Image by Francisco Huguenin Uhlfelder

Image by Francisco Huguenin Uhlfelder

It was one of the most bizarre weeks in my career.

I was working for a huge global IT firm at the time, and I was working on a challenging technical issue.  Back in the 1980s, we didn’t have the whole world’s knowledge at our fingertips, so I started asking around.

I ended up talking to dozens of people around the globe.  Nobody had the answer to my question, but they had various pieces of the puzzle.

At the end of the week, I talked with a person who said he’d heard of a guy in Colorado who was doing work in this area.  SCORE!  Then he gave me my name.

So.  I’m the company’s expert on the topic I’m trying to learn.

At first I was disappointed, because it seemed like I’d wasted a week chasing contacts around the world.  But then I realized that this was an amazing opportunity:

  • If I’m an expert, that means I get to decide on the best course of action.
  • I’d just spent a week talking to a whole bunch of people, getting a great view of the state of the industry in this area.  I’d acquired a whole bunch of useful knowledge.

Here’s what I learned through this:  One becomes expert by asking questions and following threads of knowledge.  People who are “experts” don’t actually have all the answers.  It’s just that we’re willing to defer to their judgment because they have a more comprehensive view and experience than we do.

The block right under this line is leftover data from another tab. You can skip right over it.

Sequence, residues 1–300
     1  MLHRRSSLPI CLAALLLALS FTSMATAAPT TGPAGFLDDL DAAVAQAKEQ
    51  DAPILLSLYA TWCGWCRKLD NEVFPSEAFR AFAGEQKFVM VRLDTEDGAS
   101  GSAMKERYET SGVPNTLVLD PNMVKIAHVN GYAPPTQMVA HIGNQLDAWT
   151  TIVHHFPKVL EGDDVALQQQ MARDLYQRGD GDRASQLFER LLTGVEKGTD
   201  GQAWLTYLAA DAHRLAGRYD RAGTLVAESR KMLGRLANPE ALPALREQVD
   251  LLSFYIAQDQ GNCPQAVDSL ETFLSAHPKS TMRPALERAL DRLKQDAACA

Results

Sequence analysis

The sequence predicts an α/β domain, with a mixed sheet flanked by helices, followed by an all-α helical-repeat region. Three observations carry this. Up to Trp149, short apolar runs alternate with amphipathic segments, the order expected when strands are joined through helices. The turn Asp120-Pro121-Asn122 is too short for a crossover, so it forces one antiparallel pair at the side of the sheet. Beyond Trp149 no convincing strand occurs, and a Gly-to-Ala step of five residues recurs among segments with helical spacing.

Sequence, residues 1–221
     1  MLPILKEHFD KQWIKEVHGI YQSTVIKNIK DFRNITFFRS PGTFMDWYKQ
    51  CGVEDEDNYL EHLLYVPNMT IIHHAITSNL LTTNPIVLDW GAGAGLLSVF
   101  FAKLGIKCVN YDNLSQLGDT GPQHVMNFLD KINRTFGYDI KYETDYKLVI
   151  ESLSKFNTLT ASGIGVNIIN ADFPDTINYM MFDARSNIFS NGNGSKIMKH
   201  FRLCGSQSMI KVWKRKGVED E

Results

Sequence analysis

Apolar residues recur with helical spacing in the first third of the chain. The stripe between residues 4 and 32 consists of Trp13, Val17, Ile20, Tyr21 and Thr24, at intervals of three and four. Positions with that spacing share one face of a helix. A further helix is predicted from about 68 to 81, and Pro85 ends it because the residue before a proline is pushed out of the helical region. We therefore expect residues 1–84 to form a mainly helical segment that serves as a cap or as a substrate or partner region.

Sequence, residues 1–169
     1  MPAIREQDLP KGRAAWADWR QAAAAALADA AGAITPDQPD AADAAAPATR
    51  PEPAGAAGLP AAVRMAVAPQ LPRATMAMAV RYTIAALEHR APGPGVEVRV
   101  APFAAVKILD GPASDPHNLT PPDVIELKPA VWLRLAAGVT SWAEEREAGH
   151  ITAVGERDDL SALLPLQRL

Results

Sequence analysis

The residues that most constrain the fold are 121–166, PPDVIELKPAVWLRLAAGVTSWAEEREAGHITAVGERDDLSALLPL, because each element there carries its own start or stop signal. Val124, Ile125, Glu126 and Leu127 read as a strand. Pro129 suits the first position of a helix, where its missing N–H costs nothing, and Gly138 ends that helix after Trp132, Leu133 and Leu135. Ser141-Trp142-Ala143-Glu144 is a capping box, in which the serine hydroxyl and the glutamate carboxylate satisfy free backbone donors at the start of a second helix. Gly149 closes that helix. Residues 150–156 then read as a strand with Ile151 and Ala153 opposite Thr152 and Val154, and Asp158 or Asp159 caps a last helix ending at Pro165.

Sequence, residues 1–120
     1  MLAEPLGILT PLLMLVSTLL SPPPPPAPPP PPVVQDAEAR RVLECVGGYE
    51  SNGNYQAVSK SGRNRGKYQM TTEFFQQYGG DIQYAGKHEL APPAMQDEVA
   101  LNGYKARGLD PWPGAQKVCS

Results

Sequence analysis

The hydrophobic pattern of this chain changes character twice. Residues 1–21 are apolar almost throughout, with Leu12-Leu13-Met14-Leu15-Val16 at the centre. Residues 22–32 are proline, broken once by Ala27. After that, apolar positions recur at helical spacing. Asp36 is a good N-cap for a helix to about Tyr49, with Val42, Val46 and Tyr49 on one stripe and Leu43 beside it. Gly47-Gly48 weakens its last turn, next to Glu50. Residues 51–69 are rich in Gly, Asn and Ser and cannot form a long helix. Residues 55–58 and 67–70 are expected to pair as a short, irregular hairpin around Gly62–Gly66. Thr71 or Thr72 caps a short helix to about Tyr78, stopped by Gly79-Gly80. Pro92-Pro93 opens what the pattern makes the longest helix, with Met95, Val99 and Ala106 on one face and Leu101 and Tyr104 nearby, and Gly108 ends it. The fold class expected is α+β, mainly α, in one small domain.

At least that’s what we want to believe.

The reason this came to mind this week is because I’m in a similar situation regarding social media for service organizations.  It’s an area where I need to learn more right now, but when I go back and ask others, I find out that what I’ve learned so far is actually on par, often ahead, of others in my organization.

In this particular small context, I might be closer to the “expert” than I’d thought.  But by asking questions, I’m learning a huge deal.

Would you like to be the expert in an area?  Start digging.  Be humble, ask questions, and learn as much as you can.  You may just get there.

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